Is there any relief in sight for the scorching southern Plains?
By Brandon Buckingham, AccuWeather Meteorologist
August 13, 2019, 10:18:53 AM EDT
A shifting weather pattern will bring an end to the searing heat for some across the southern Plains around midweek -- but not everyone.
The southern Plains scorched under the blazing sunshine this past weekend as a dome of high pressure sat over Texas.
Houston, Dallas, and Lubbock, Texas; Oklahoma City and even Dodge City, Kansas, all recorded high temperatures exceeding 100 degrees Fahrenheit. AccuWeather RealFeel® Temperatures have been well over 100.
The extent of the triple-digit heat will finally ease early this week as a pattern shift is in store for the southern Plains.
"The broad area of high pressure that has kept the intense heat cranking across the South Central states since last week will shift westward at midweek, taking the core of the hot air with it," AccuWeather Meteorologist Renee Duff explained.
By Wednesday, both Dallas and Houston are forecast to end their streak of 100-degree days at five and six respectively. While the extreme heat will relax a bit, it will still remain seasonably hot for these cities, with forecast highs in the middle to upper 90s.
"Even though the heat will not be as intense and will instead be more typical of this time of year, residents will want to continue to take the necessary precautions to protect against heat-related illnesses." Duff explained. "This includes limiting strenuous activities during the hottest part of the day, drinking plenty of water and taking frequent breaks whenever outdoors."
While the heat will ease for most across the southern Plains, South Texas will continue to endure stifling summer heat.
Laredo, Texas, which lies near the southeastern border with Mexico, has not recorded a high temperature below 100 degrees since July 26 and there is no relief in sight. Daily high temperature records are forecast to be challenged through at least Thursday, with AccuWeather RealFeel® Temperatures pushing above 110 degrees all week.
Temperatures topped out at 109 on Monday and last Thursday, making these the only two occurrences in the last eight years that Laredo has seen such scorching August heat. Prior to that, August 29, 2011 was the last time Laredo hit 109 during the month of August. Temperatures could top out at the same mark or higher on Tuesday.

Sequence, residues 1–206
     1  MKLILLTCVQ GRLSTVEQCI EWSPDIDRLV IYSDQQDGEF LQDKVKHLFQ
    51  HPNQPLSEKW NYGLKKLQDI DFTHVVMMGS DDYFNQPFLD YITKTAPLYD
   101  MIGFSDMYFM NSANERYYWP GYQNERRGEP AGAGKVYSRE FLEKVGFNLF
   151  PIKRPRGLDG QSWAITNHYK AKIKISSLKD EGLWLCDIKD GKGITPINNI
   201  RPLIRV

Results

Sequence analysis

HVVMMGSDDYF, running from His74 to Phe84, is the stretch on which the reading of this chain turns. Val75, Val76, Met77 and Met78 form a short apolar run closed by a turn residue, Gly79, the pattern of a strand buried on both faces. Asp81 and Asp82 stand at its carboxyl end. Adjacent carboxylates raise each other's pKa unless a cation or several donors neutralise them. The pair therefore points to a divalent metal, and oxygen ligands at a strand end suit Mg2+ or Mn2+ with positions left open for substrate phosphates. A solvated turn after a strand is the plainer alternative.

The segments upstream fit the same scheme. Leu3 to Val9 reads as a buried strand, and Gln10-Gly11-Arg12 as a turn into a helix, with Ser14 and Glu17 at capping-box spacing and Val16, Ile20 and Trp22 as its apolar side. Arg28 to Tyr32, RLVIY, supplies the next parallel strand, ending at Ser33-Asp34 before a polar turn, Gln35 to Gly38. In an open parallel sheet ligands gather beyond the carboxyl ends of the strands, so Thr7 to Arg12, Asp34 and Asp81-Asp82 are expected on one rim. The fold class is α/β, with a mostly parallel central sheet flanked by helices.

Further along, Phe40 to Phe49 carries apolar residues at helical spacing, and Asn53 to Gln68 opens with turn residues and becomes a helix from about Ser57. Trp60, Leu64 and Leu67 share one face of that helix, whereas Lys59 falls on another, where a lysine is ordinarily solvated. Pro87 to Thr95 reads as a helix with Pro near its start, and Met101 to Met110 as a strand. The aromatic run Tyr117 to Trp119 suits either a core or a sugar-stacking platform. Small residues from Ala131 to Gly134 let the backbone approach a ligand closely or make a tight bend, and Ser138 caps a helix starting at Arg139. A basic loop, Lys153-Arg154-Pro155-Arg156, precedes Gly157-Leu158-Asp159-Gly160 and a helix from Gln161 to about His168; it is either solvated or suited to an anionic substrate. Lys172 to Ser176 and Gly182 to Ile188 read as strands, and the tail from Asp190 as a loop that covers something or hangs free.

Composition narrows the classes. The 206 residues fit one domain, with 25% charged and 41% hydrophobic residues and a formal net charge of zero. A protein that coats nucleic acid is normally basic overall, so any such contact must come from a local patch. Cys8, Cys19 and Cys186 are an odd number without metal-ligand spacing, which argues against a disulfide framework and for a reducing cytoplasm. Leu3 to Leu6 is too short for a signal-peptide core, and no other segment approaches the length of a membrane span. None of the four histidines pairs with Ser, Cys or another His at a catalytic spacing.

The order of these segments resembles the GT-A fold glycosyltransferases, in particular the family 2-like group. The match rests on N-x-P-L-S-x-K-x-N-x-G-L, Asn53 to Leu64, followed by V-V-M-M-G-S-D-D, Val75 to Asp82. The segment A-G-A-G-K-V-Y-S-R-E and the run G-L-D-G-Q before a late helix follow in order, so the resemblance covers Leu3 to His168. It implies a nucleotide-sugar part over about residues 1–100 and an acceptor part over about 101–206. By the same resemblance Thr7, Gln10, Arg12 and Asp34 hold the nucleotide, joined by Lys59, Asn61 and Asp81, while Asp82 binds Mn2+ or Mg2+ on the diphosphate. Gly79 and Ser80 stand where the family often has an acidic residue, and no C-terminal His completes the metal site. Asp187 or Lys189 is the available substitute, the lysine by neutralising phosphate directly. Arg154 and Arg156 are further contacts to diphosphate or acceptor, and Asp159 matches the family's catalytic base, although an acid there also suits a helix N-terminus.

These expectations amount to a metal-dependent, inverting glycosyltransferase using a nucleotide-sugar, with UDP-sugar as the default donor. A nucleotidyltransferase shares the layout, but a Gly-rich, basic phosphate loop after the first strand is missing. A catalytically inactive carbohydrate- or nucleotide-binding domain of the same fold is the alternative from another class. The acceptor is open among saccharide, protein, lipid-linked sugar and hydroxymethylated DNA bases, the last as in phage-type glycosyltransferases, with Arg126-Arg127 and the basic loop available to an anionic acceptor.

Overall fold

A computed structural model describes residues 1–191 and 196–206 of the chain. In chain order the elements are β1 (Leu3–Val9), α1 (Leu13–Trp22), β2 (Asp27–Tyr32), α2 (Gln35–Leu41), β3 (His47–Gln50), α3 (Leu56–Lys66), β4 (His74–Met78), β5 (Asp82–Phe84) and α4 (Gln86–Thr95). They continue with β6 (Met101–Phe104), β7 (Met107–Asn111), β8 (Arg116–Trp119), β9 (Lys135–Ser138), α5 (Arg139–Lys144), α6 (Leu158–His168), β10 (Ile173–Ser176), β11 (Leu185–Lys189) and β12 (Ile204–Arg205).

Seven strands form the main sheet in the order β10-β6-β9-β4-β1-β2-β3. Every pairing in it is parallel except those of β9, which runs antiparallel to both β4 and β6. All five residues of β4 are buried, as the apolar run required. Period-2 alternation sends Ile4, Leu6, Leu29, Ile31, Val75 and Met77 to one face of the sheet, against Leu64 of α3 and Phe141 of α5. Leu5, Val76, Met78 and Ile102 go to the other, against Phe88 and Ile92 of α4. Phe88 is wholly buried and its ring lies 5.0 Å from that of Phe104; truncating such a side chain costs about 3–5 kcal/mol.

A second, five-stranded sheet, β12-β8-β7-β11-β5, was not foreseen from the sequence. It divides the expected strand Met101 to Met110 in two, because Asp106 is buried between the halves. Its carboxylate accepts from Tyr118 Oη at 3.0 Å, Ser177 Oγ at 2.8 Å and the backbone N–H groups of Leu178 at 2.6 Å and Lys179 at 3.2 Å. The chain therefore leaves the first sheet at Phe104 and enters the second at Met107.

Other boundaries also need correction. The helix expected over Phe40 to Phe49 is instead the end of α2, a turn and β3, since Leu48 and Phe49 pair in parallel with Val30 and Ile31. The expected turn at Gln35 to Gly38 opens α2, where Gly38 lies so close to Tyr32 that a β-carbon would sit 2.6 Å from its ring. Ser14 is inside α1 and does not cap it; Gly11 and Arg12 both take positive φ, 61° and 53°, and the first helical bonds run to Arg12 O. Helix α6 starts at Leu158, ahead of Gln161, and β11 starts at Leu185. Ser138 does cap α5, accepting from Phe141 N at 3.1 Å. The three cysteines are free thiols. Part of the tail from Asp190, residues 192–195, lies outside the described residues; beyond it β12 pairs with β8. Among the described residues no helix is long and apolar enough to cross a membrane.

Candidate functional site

Triple-digit heat is very common this time of year in Laredo, but, as the chart above shows, the city has been in a stretch lately in which it's been experiencing temperatures that are well above average.
Over to the east of Laredo, 2019 has been a particularly hot year for both Brownsville and Corpus Christi.
Each of those cities has seen the second-most hundred-degree days on record so far this year. Brownsville has experienced five 100-degree days so far this year, the most since it tallied six hundred-degree days in 1918.
Corpus Christi has recorded four days of triple-digit heat so far this year, fewer than half the days it saw the mercury reach at least 100 in 2012 when the city recorded nine days of hundred-degree heat.
The dry conditions that have been observed across Texas this past week has expanded the areas experiencing abnormally dry to drought conditions. According to the United States Drought Monitor, nearly 47% of the state is experiencing at least abnormally dry conditions, compared to only 23.5% last week.
With a shifting weather pattern coming up this week, portions of the southern Plains will finally have some rain returning to the forecast around midweek. Since many cities across Texas are running a rainfall deficit for the month, any additional rainfall will benefit the area.
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